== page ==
I like being a contrarian, and I had hoped that a morning spent watching the Oracle/Google trial here in San Francisco would convince me that it's been overhyped and not worth the worry. No way.
This case is a big deal, and at best it will cost both sides millions of dollars that could have gone to something productive, like new jobs or product innovation. At worst, the current plague of patent and other intellectual property-related suits will metastasize, as trolls, lawyers, and tech companies looking for a shortcut to competitive advantage file a new breed of legal actions.
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In case you missed it: Oracle filed a lawsuit against Google in August 2010, charging that the Android mobile OS infringes Oracle patents and copyrights related to Java, which Oracle acquired when it purchased Sun Microsystems. The trial opened last week and is expected to take at least two months.
Here are a few of the most important realizations from my observation of this trial:
- Much of Oracle's case is not about patents, but about copyrights. The standard for copyrights is much lower, and software, particularly open source, is very vulnerable to challenges on those grounds.
- As many commentators have noted, the key to this case is a complex legal question: Can a company copyright an API? Thankfully, that point will not be decided by the jury, but by U.S. District Judge William Alsup, who appears to be quite savvy about technology and is running the trial with firmness and good humor.
- Oracle's prize piece of evidence, a series of long-ago statements by Andy Rubin indicating that the use of Sun's Java language and APIs would have to be licensed by Google, doesn't stand up.
Copyrights lower the bar
It's old news to most of us that the patent system is broken and the technology industry is involved in a seemingly endless and terribly expensive multiplayer fight over patents related to smartphones. Just when you thought intellectual property litigation couldn't get much worse, along comes Oracle and its claim that Google has violated copyrights on 37 Java APIs.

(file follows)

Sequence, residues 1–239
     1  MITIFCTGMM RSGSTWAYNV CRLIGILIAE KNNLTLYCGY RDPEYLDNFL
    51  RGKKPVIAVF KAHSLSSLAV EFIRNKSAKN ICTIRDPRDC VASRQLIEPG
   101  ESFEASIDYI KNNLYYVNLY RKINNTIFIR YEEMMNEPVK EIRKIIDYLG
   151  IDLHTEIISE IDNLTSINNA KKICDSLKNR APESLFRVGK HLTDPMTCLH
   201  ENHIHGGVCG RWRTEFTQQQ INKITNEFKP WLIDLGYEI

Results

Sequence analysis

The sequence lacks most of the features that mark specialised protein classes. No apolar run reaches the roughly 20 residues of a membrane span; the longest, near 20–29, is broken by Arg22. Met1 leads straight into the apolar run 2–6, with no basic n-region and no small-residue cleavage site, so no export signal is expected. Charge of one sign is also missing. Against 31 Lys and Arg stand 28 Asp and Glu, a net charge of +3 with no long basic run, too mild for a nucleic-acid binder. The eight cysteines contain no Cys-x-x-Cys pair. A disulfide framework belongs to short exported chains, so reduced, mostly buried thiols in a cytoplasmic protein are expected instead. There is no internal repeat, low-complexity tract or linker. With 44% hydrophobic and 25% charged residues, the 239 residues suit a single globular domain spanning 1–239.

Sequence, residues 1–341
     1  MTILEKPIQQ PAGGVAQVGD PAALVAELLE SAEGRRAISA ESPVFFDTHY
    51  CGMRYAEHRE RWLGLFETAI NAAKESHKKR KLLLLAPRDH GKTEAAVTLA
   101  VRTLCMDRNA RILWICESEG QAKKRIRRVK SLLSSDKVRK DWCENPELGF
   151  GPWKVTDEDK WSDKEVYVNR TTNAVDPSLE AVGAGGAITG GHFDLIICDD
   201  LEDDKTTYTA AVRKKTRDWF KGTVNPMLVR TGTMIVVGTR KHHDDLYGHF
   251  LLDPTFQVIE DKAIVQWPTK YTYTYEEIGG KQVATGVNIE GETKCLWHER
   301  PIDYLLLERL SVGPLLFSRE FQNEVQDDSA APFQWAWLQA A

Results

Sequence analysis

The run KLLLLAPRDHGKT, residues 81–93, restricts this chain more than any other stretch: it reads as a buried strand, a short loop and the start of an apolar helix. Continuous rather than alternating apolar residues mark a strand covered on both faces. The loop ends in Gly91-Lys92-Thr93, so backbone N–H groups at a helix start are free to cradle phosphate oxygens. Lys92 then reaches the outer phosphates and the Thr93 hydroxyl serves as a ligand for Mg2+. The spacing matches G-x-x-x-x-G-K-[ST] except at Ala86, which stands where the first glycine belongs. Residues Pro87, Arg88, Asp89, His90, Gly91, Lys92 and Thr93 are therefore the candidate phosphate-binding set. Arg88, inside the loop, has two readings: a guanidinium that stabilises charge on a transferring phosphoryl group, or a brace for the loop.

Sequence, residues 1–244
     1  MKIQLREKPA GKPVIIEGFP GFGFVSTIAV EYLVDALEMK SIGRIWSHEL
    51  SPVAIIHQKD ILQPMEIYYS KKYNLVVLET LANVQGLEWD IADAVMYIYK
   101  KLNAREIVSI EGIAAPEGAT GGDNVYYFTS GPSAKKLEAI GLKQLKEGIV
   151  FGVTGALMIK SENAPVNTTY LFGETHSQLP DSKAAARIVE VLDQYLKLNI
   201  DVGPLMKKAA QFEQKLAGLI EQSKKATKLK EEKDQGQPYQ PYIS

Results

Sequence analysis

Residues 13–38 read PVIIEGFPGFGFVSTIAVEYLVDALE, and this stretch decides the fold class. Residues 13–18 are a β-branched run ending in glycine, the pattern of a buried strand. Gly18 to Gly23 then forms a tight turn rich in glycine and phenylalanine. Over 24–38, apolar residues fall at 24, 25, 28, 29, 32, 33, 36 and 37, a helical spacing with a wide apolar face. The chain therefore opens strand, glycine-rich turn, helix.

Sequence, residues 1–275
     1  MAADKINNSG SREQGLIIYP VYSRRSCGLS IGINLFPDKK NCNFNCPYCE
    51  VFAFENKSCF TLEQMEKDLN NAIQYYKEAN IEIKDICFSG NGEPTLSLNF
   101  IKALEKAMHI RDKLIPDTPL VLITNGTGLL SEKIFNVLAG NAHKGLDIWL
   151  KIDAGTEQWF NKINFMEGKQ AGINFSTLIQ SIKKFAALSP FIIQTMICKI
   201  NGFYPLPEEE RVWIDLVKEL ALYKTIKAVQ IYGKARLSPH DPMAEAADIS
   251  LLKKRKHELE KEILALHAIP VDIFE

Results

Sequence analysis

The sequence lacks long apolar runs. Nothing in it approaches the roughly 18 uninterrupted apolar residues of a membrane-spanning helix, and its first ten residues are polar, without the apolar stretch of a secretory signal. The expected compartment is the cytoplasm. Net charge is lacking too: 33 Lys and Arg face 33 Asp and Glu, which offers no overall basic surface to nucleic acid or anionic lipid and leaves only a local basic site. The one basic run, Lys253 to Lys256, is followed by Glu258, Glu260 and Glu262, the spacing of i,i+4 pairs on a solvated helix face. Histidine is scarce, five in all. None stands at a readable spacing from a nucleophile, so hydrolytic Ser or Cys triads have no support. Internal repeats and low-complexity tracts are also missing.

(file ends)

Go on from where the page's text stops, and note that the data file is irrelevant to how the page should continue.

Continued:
That's an absolutely stunning claim. To begin with, APIs have never been viewed as copyrightable, says Julie Samuels, an attorney with the Electronic Frontier Foundation who has considerable experience litigating intellectual property issues. If Alsup decides that they are, "[i]t could absolutely change the game," she told me.
For all the problems we've seen in the last few years, the legal standards for obtaining and enforcing patents is relatively high. Even so, software patents are nearly five times more likely to be the subject of litigation than other patents. In fact, lawsuits surrounding software patents have more than tripled since 1999. (Samuels made that last point in an opinion piece on Wired.com.)
Copyrights, on the other hand, are much easier to get, says Samuels. If APIs can be copyrighted, we may well see a rash of suits claiming damages. What's more, we can expect a jump in behind-the-scenes demands for royalties as the price of using APIs that have always been in the public domain. Many licensing demands stay private, so we may not know about them, but will feel them when costs increase to reflect those royalties.